Do you have adblock enabled?
If you can read this, either the style sheet didn't load or you have an older browser that doesn't support style sheets. Try clearing your browser cache and refreshing the page.

(YouTube)   Cliff Morgan, the legendary Welsh rugby player and commentator dies aged 83 - footage of him playing is tricky to find so here he is commentating on the (generally accepted) greatest try ever scored   ( divider line
    More: Sad, Cliff Morgan, color commentator  
•       •       •

1014 clicks; posted to Sports » on 29 Aug 2013 at 8:09 AM (4 years ago)   |   Favorite    |   share:  Share on Twitter share via Email Share on Facebook   more»

Voting Results (Smartest)
View Voting Results: Smartest and Funniest

2013-08-30 01:33:11 AM  
2 votes:
NFL (USA) and Rugby (Britain, Ireland, Australia, New Zealand, South Africa - i'm gonna call these commonwealth nations even though that isn't correct) are broad reflections of the differences between the mentalities of those countries.

NFL is about specialization and precision. Whole different teams to perform different roles. People in different positions do one thing and one thing only. The breaks in play mean no second is wasted and each second is played at full pace. Only a few players on each team have the capacity to pull off a golden scoring play. The game is played at a level of precision that ensures that the better team on paper will usually win and luck is not so much of a factor.

Rugby is about versatility and attrition. Players must be able to defend and attack and be able to change roles in a millisecond. There are fewer stoppages and players must get to every breakdown to retain possession. Players have broadly defined roles, but are regularly called out to do things outside their normal position.  Each player has the capacity to pull a scoring play out of nowhere. Grit and determination become factors late in the game when both teams are tiring and the game slows down.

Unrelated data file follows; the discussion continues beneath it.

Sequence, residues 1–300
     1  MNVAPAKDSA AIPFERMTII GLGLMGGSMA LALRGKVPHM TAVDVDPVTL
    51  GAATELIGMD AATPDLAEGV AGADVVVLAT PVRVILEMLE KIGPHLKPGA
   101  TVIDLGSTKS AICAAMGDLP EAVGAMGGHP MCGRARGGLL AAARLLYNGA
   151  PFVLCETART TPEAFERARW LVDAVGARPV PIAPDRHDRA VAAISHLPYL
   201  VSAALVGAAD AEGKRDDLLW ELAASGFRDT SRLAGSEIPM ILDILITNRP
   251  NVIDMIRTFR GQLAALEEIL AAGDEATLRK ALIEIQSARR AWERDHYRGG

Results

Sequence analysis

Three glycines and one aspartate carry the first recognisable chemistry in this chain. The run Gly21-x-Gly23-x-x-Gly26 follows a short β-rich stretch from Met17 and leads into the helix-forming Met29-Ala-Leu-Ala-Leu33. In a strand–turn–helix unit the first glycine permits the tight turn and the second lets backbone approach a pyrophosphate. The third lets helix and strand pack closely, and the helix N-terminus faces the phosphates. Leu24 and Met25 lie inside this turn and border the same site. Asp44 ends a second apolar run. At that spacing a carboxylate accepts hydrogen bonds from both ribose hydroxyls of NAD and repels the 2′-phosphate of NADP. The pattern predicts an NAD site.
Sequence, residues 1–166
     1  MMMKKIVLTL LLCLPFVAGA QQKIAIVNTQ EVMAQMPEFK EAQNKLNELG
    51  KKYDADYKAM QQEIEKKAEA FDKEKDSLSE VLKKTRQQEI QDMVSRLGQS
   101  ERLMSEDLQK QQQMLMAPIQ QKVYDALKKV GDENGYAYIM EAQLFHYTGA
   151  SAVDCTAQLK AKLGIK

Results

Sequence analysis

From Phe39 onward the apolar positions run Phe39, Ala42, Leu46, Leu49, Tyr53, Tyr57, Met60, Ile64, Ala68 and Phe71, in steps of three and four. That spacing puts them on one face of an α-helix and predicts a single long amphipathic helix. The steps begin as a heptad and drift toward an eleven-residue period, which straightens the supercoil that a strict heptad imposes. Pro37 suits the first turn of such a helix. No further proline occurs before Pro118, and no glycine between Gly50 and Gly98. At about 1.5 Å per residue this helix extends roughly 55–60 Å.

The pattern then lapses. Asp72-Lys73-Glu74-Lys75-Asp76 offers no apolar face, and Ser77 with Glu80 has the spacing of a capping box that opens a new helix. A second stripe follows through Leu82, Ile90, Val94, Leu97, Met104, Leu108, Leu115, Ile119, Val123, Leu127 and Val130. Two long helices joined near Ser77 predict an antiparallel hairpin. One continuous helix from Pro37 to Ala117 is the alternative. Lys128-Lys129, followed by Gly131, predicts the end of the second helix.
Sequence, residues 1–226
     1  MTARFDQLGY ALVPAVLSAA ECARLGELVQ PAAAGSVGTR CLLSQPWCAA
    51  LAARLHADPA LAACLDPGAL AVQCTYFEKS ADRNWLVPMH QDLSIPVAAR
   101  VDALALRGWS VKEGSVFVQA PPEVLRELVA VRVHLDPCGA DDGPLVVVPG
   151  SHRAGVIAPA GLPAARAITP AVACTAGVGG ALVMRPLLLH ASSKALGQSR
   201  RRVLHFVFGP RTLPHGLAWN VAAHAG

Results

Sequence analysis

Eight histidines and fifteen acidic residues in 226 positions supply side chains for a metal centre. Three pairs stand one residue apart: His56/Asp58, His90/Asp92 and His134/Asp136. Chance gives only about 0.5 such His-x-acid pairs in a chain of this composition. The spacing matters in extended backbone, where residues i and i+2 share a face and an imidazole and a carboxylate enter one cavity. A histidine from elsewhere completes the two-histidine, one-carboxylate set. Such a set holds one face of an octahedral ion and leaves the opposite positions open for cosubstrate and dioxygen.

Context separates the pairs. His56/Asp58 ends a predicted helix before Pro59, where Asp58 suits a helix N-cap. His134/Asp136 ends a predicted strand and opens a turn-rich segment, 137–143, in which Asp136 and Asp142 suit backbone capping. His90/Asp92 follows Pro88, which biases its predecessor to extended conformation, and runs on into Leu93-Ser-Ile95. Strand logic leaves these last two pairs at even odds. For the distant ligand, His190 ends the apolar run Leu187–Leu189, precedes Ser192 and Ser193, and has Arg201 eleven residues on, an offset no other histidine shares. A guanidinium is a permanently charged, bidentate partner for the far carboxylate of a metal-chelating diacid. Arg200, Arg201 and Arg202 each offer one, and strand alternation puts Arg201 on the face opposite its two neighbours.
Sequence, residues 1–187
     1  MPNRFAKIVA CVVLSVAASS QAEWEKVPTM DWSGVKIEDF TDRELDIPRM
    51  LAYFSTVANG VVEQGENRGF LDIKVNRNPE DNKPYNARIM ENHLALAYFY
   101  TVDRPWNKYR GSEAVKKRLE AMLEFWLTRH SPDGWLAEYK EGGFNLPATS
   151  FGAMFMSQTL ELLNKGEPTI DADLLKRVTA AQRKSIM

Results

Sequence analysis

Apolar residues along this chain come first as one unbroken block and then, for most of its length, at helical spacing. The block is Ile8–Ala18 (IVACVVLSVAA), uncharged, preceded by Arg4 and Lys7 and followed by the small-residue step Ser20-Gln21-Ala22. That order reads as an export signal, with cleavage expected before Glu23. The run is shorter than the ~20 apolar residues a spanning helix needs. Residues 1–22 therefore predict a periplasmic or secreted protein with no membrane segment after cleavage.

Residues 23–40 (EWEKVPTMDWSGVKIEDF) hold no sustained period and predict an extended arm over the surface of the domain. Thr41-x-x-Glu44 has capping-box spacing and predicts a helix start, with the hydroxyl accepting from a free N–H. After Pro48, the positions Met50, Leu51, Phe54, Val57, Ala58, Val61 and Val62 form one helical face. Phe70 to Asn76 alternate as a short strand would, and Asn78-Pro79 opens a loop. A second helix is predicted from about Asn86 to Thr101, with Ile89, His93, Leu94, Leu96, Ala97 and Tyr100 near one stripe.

You can see these differences in these countries' societies also. USA military stresses specialization, while the Commonwealth nations favour all-rounders. American businesses are biased towards vertical management structures, while the Commonwealth ones tend towards horizontal and non-hierarchical structures. NASCAR is about speed and nothing else, F1 sacrifices top speed for nuance.

I can see the appeal of NFL, but I can't get over the extreme specialisation and the stop-startiness of the the play (There is only 11 minutes of actual play in an average NFL game  -source: 2010 WSJ article "11 Minutes of Action"). True, you don't see Olympic-quality sprinters or 350lb behemoths in Rugby, but those players would be incapable of running and wrestling for almost 40 minutes straight anyway. The games are different and require different physical traits.
2013-08-30 01:38:50 AM  
1 vote:

INeedAName: PluckYew: INeedAName: My real issue with this is that the last run of the play was sheer luck. The guy who laterals was throwing it someone else when a teammate comes in takes it down the field. It's a fun play, to be sure, but no one knew wtf was going on.

no, it was conditioning. Before the end of that play, any NFL'er would be hunched over sucking wind asking when is the huddle?

Im going to assume you've never played a sport before. Id rather run a 2:00 800m than have to do 20 40m sprints.

Football is all 40m dashes over, and over, and over. Unless you're lucky enough to be an O or D lineman, then you get to spend every play trying to push 360 very angry pounds around the football field

I have no question that soccer and rugby players are fantastic athletes, but only an ignorant fan would think you're comparing the same sort of physical exertion.